Tuesday, August 31, 2010

Ra Ra Riot

At the opening strains of violin and cello found in the opening and title track of Ra Ra Riot's The Orchard – released on August 24 – a listener might believe they have stumbled into a continuation of last week's review from Sufjan Stevens. With its tight orchestration by violinist Rebecca Zeller and cellist Alexandria Lawn buoying the A.C. Newman-via-Sting vocals of Wes Miles, the number is reflective of Stevens' mellower work or perhaps the similar opening track of fun.'s Aim & Ignite, "Be Calm." Regardless, its a somber but haunting location to begin an album.

Still, anyone familiar with the Syracuse-based sextet's 2008 debut, The Rhumb Line will feel more comfortable with the record's second cut, "Boy." Borrowing heavily from the joint 80's influences of U2 – perhaps directing a nod to that group's debut release with the song's title – and Miles wailing pointing to the Sting-led Police, the number is bouncy and rubbery with the counterbalancing bass line of Mathieu Santos and guitarist Milo Bonacci's riffs recalling plenty of Andy Summers and The Edge. Meanwhile, the work of Zeller and Lawn offers a nice change of pace to the reggae undertones.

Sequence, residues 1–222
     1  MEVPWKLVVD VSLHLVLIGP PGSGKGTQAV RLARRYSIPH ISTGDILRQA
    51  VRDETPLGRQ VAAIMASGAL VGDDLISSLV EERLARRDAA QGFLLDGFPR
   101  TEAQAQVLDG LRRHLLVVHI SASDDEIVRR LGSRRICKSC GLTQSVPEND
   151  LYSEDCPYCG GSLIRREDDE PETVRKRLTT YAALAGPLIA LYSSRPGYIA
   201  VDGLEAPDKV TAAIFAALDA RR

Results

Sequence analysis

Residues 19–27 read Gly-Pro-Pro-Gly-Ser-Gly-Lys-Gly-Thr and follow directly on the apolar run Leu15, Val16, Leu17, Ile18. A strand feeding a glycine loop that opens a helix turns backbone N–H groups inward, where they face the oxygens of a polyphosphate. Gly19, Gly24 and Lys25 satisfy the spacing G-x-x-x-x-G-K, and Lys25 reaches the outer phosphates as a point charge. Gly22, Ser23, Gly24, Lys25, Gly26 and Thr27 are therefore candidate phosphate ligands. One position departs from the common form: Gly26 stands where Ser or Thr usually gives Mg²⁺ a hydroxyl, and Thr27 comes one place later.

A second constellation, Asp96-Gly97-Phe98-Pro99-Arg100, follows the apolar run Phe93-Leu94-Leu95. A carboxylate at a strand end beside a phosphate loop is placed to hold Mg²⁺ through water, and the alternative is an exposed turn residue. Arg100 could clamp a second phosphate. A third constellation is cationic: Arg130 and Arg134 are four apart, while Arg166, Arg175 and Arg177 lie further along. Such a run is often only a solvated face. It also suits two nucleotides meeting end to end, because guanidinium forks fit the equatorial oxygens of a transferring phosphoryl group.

They keep up the brisk tempo with tracks like "Too Dramatic" – with just a hint of Metric-style rhythmicism – and "Massachusetts" flavored by Vampire Weekend's recent efforts with a little less of the hipster veneer. The latter's influence on the record is a bit more direct, as Vampire Weekend co-songwriter Rostam Batmanglij lends his hands at the mixing board on the track. At the same time, the resonating piano strains of "Foolish" prevents things from skipping off into the ether through its staccato ballad format.